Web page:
ZFIN ID: ZDB-PUB-200801-8
Primary cilia are present on endothelial cells of the hyaloid vasculature but are not required for the development of the blood-retinal barrier
Pollock, L.M., Perkins, B., Anand-Apte, B.
Date: 2020
Source: PLoS One   15: e0225351 (Journal)
Registered Authors: Anand-Apte, Bela, Perkins, Brian, Pollock, Lana
Keywords: none
MeSH Terms:
  • Adaptor Proteins, Signal Transducing/genetics
  • Adaptor Proteins, Signal Transducing/metabolism
  • Animals
  • Animals, Genetically Modified
  • Blood-Retinal Barrier/drug effects
  • Blood-Retinal Barrier/metabolism*
  • Blood-Retinal Barrier/physiology
  • Cilia/metabolism*
  • Endothelial Cells/cytology
  • Endothelial Cells/metabolism*
  • Hedgehog Proteins/antagonists & inhibitors
  • Hedgehog Proteins/genetics
  • Hedgehog Proteins/metabolism
  • Larva/metabolism
  • Mutagenesis
  • Retinal Vessels/cytology
  • Signal Transduction
  • Veratrum Alkaloids/pharmacology
  • Zebrafish/growth & development
  • Zebrafish/metabolism
  • Zebrafish Proteins/genetics
  • Zebrafish Proteins/metabolism
PubMed: 32735563 Full text @ PLoS One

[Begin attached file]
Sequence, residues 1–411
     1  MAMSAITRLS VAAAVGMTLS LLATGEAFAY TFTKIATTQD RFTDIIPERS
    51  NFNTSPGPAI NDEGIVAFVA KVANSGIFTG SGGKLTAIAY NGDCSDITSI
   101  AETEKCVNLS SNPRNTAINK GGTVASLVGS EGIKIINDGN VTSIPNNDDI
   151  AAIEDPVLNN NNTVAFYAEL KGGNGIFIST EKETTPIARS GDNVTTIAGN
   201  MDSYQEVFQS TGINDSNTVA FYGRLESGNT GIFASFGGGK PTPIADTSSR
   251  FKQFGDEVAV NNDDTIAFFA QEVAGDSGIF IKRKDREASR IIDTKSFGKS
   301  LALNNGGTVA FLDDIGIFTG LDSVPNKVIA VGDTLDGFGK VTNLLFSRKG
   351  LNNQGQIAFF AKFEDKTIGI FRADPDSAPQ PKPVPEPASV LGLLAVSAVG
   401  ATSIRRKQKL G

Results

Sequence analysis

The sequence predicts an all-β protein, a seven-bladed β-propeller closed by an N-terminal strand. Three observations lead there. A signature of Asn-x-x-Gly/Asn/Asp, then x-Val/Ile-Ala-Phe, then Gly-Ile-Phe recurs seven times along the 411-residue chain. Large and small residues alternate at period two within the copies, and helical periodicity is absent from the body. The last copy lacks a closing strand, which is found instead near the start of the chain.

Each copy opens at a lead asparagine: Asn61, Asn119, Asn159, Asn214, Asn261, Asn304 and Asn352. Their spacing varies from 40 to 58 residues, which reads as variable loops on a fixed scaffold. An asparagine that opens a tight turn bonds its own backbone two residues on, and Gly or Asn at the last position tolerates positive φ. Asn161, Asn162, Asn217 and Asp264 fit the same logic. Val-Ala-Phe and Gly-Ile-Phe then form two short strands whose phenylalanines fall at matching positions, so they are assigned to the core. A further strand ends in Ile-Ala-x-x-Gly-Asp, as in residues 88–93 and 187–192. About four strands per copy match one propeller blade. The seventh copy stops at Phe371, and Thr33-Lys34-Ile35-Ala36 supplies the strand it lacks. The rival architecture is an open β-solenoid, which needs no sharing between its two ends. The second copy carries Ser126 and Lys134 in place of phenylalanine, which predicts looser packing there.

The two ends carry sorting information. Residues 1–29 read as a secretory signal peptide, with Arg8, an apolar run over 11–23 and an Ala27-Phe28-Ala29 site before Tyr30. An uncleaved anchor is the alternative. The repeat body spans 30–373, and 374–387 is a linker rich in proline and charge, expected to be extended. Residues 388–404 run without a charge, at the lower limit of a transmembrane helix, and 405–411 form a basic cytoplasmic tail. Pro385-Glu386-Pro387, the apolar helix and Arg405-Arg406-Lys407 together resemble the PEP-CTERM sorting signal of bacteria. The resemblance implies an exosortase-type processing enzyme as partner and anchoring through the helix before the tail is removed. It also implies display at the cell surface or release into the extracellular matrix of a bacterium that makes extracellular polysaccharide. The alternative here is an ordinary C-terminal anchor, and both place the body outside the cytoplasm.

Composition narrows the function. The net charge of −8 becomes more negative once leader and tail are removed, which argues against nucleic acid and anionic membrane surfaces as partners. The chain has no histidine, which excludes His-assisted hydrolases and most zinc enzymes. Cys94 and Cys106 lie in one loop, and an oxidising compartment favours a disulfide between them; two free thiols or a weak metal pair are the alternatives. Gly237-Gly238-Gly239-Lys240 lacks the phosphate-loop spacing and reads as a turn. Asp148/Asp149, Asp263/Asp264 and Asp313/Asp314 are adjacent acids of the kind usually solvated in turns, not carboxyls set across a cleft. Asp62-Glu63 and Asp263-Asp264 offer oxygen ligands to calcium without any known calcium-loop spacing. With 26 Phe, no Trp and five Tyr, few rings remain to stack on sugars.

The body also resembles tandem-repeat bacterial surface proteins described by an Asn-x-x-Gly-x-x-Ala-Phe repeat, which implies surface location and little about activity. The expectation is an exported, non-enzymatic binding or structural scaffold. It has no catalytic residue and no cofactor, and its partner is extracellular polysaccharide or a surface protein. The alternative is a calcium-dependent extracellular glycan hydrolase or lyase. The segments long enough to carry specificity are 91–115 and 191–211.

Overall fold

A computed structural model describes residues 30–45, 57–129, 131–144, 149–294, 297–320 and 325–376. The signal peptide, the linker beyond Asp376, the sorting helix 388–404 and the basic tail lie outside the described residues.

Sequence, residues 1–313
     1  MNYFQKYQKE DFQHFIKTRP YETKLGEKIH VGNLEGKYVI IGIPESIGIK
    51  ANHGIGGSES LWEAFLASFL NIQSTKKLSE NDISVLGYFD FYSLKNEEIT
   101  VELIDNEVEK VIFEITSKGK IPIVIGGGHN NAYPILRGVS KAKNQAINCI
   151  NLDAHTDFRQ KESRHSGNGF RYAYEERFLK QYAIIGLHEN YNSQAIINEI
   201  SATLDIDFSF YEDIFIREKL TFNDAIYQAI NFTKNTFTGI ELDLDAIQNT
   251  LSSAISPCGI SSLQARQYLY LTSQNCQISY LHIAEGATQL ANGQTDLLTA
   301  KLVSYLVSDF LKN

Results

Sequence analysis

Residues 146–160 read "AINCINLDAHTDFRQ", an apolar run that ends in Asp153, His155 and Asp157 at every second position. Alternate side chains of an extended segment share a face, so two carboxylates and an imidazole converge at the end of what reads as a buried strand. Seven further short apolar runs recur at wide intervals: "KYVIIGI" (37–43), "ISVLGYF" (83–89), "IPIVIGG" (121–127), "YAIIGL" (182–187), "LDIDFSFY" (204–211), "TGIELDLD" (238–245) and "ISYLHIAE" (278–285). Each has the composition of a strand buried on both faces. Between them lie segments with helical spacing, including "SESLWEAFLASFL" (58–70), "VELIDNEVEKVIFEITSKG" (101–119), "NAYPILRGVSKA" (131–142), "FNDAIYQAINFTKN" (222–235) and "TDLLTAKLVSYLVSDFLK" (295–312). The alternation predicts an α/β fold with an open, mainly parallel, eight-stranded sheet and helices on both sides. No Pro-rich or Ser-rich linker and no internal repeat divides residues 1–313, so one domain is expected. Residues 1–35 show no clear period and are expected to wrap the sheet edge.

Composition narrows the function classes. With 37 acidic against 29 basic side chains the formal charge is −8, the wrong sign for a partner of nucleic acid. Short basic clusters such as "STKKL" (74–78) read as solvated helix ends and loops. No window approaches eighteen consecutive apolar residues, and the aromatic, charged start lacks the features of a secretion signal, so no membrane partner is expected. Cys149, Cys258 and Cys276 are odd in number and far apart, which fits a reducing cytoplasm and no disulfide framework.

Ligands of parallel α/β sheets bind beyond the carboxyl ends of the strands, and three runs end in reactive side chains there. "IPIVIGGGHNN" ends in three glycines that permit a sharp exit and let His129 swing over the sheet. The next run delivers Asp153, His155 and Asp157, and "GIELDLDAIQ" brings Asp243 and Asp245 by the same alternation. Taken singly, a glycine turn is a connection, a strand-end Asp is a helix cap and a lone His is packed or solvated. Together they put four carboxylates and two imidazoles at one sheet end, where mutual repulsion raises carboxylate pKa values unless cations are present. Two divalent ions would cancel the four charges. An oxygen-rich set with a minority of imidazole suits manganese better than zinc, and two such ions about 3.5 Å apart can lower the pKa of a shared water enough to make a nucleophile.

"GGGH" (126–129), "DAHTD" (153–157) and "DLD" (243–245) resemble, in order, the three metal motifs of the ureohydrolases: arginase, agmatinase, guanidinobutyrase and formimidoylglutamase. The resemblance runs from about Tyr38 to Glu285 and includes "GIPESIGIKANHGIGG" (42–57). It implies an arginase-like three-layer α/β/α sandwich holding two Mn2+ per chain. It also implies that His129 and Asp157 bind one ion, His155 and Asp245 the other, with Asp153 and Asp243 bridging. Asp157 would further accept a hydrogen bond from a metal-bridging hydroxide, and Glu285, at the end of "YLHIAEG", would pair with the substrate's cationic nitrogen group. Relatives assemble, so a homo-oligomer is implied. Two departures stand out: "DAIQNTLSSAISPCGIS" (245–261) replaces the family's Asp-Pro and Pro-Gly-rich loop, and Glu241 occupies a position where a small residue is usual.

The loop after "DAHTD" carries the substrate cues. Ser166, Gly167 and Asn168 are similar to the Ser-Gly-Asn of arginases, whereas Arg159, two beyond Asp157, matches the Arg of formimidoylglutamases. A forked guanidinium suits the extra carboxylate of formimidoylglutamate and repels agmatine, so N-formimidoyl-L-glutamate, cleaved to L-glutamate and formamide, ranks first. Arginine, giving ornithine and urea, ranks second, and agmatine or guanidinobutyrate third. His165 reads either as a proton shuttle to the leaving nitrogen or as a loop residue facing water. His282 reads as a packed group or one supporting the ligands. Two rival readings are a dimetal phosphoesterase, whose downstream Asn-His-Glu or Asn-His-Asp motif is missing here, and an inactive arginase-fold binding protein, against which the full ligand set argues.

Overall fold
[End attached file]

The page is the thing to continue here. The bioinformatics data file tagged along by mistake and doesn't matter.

Endothelial cilia are found in a variety of tissues including the cranial vasculature of zebrafish embryos. Recently, endothelial cells in the developing mouse retina were reported to also possess primary cilia that are potentially involved in vascular remodeling. Fish carrying mutations in intraflagellar transport (ift) genes have disrupted cilia and have been reported to have an increased rate of spontaneous intracranial hemorrhage (ICH), potentially due to disruption of the sonic hedgehog (shh) signaling pathway. However, it remains unknown whether the endothelial cells forming the retinal microvasculature in zebrafish also possess cilia, and whether endothelial cilia are necessary for development and maintenance of the blood-retinal barrier (BRB). In the present study, we found that the endothelial cells lining the zebrafish hyaloid vasculature possess primary cilia during development. To determine whether endothelial cilia are necessary for BRB integrity, ift57, ift88, and ift172 mutants, which lack cilia, were crossed with the double-transgenic zebrafish strain Tg(l-fabp:DBP-EGFP;flk1:mCherry). This strain expresses a vitamin D-binding protein (DBP) fused to enhanced green fluorescent protein (EGFP) as a tracer in the blood plasma, while the endothelial cells forming the vasculature are tagged by mCherry. The Ift mutant fish develop a functional BRB, indicating that endothelial cilia are not necessary for early BRB integrity. Additionally, although treatment of zebrafish larvae with Shh inhibitor cyclopamine results in BRB breakdown, the Ift mutant fish were not sensitized to cyclopamine-induced BRB breakdown.